Party leadership developments:
• Barnaby Joyce has announced he will contest the Nationals leadership when the party room holds its first meeting on the resumption of parliament this morning, with a view to deposing Michael McCormack, who replaced Joyce him after his resignation in February 2018. This follows the opening of the deputy leadership position after Bridget McKenzie resigned from cabinet on Sunday over her handling of grants to sports clubs while serving as Sports Minister before the election. Joyce has two confirmed supporters out of a party room of 21, most notably Matt Canavan, who also quit cabinet yesterday (while also taking the opportunity to concede a loan under the North Australia Infrastructure Facility Act, over which he has ministerial oversight, had been given to an NRL club of which he was a registered supporter). The other is Wide Bay MP Llew O’Brien, who will move the spill motion that will vacate the leadership position if it gets the required 11 votes. Sharri Markson of News Corp reports claims Joyce has precisely that many votes, but this does not seem to be the majority view: a Seven News reporter related a view that Joyce had about seven, while an unnamed Liberal MP told The Australian ($) Joyce would not get “anywhere near” winning. David Littleproud, Keith Pitt and David Gillespie will all nominate for the deputy position, with Littleproud rated the favourite.
• Richard Di Natale announced yesterday that he was quitting both the Greens leadership and would shortly leave the Senate, saying he wished to spend more time with his family. Every indication is that he will be succeeded this morning by the party’s sole member of the House of Representatives, Melbourne MP Adam Bandt. The Australian ($) reports there are “discussions under way” for Queensland Senator Larissa Waters to take on a new role as party leader in the Senate”. Di Natale will remain in parliament pending the party’s process for choosing his replacement, which is likely to take several months. There is only the vaguest of speculation at this point as to who the successor might be.
• It has been confirmed the Queensland state by-election for the Gold Coast state seat of Currumbin, to be vacated with the resignation of Liberal National Party member Jann Stuckey, will be held on March 28, the same day as the state’s council elections. The selection of lawyer Laura Gerber as LNP candidate has fuelled Stuckey’s attacks on the party, on the basis that she was chosen by the party’s state executive rather than a vote of local members, and that this reflected a determination for the seat to be contested by “a skirt”. Among the reasons for Stuckey’s alienation from the party is that her own favoured successor, Chris Crawford, was blocked by the party’s vetting committee last year. The LNP has held the seat since 2004, currently on a margin of 3.3%.
• The date for the Northern Territory by-election in the Darwin seat of Johnston has been set for February 29. The seat is being vacated with the retirement of Labor member Ken Vowles after a period of estrangement from the party and its leader, Chief Minister Michael Gunner. The seat will be contested by Joel Bowden for Labor; Josh Thomas for the Country Liberals; Steven Klose for the Territory Alliance, the new party associated with former CLP Chief Minister Terry Mills; and Aiya Goodrich Carttling for the Greens. Labor has held the seat since its creation in 2001, currently on a margin of 14.7%.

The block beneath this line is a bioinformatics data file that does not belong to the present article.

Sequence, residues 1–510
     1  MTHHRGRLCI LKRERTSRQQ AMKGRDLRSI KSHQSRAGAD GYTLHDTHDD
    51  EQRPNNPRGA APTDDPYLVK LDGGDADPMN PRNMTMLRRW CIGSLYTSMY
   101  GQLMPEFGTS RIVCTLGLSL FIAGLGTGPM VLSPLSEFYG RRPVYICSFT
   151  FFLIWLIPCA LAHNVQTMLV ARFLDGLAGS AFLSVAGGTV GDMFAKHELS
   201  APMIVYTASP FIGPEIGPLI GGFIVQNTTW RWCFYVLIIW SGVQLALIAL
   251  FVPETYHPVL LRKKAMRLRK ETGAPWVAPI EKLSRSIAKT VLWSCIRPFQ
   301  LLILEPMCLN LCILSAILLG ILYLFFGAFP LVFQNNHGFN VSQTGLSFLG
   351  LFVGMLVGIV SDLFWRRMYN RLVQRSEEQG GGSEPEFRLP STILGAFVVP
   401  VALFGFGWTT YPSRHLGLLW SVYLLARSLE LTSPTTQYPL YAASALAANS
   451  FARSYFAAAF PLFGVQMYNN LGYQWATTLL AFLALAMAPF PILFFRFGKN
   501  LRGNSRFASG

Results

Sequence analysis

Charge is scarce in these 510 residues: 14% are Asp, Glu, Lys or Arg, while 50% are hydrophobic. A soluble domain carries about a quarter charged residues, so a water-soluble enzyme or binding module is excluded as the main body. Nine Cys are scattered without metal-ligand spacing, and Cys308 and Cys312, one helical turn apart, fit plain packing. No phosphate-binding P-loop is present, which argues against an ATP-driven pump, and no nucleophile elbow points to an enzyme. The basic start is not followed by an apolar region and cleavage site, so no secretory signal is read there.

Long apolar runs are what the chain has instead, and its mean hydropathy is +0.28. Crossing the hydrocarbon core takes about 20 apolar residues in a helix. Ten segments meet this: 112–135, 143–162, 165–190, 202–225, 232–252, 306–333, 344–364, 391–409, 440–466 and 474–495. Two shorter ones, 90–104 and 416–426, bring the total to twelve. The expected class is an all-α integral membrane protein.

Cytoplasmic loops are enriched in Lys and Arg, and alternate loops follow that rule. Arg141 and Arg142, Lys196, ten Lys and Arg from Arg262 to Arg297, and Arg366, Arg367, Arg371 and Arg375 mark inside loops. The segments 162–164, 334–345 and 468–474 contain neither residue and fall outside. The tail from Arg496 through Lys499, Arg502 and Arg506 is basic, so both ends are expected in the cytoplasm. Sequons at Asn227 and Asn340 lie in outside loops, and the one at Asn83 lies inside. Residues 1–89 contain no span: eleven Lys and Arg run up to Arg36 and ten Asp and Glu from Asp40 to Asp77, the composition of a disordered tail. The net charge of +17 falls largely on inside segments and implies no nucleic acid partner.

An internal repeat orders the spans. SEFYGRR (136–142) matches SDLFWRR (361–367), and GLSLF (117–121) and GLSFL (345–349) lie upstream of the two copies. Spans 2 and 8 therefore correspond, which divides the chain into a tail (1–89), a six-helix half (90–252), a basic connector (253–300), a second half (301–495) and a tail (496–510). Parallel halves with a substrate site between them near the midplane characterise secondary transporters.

• South Australia’s Liberals have chosen a factional moderate, Andrew McLachlan, to fill the Senate vacancy created by the retirement of Cory Bernardi. McLachlan has served in the state’s Legislative Council since 2014, and been the chamber’s President since the 2018 election. Tom Richardson of InDaily reports McLachlan won 131 out of 206 votes in the ballot of state council members to 51 for former Law Council of Australia president Morry Bailes and 24 for former state party treasurer Michael Van Dissel, both of whom are associated with the Right. Bailes’ weak showing in particular amounted to an “epic defeat” for hard right forces including Boothby MP Nicolle Flint and Barker MP Tony Pasin.
• Another looming federal redistribution in Victoria, whose population boom will again entitle it to an extra seat, has set off a round of turf wars within the ALP, highlighted by a scuffle that broke out at a branch meeting last week. This reportedly followed the arrival of 100 supporters of Labor Right powerbroker Adem Somyurek at a branch meeting held at the Hoppers Crossing home of Jasvinder Sidhu, a Socialist Left preselection aspirant, who was allegedly assaulted after telling the group to leave. Somyurek is said have designs for his faction on the seat of Lalor, held formerly by Julia Gillard and currently by Joanne Ryan, which the party’s once stable factional arrangements reserved for the Left. According to a Labor source quoted in The Age, the Right has secured control of branches in the Calwell electorate and is likely to take the seat when the Left-aligned Maria Vamvakinou retires, while the Left is seeking to gain leverage by putting pressure on Right-aligned Tim Watts in Gellibrand.
Also, the Nine/Fairfax papers are reporting on an Ipsos poll of 1014 respondents concerning climate change, which is apparently part of an annual series conducted by the pollster, with no information provided as to who if anyone might commission it. While the poll records a high pitch of concern about climate change, it does not find this to be at a greater height than last year (somewhat at odds with the recent finding of Ipsos’s Issue Monitor series, which recorded a post-bushfire surge in concern about the environment), and actually records an increase in the number of respondents who had “serious doubts about whether climate change is occurring”: from 19% two years ago to 22% last year to 24% this year.